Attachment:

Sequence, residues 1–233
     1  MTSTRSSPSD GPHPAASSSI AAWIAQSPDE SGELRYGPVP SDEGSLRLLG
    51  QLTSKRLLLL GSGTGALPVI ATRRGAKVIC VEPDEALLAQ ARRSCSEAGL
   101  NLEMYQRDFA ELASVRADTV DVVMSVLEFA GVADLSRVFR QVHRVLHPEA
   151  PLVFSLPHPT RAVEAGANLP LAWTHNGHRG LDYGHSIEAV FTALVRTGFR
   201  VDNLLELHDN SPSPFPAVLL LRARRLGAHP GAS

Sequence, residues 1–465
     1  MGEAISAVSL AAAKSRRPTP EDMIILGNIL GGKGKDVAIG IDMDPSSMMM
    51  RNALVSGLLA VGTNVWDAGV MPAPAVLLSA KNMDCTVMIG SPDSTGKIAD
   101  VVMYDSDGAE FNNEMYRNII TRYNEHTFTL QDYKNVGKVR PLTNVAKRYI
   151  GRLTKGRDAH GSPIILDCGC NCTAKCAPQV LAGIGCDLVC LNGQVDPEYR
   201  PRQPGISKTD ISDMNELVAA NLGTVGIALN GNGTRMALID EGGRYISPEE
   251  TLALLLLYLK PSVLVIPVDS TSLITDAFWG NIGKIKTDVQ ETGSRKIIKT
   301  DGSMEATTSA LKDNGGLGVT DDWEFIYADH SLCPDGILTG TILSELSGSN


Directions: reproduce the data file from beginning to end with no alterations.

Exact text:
Sequence, residues 1–233
     1  MTSTRSSPSD GPHPAASSSI AAWIAQSPDE SGELRYGPVP SDEGSLRLLG
    51  QLTSKRLLLL GSGTGALPVI ATRRGAKVIC VEPDEALLAQ ARRSCSEAGL
   101  NLEMYQRDFA ELASVRADTV DVVMSVLEFA GVADLSRVFR QVHRVLHPEA
   151  PLVFSLPHPT RAVEAGANLP LAWTHNGHRG LDYGHSIEAV FTALVRTGFR
   201  VDNLLELHDN SPSPFPAVLL LRARRLGAHP GAS

Sequence, residues 1–465
     1  MGEAISAVSL AAAKSRRPTP EDMIILGNIL GGKGKDVAIG IDMDPSSMMM
    51  RNALVSGLLA VGTNVWDAGV MPAPAVLLSA KNMDCTVMIG SPDSTGKIAD
   101  VVMYDSDGAE FNNEMYRNII TRYNEHTFTL QDYKNVGKVR PLTNVAKRYI
   151  GRLTKGRDAH GSPIILDCGC NCTAKCAPQV LAGIGCDLVC LNGQVDPEYR
   201  PRQPGISKTD ISDMNELVAA NLGTVGIALN GNGTRMALID EGGRYISPEE
   251  TLALLLLYLK PSVLVIPVDS TSLITDAFWG NIGKIKTDVQ ETGSRKIIKT
   301  DGSMEATTSA LKDNGGLGVT DDWEFIYADH SLCPDGILTG TILSELSGSN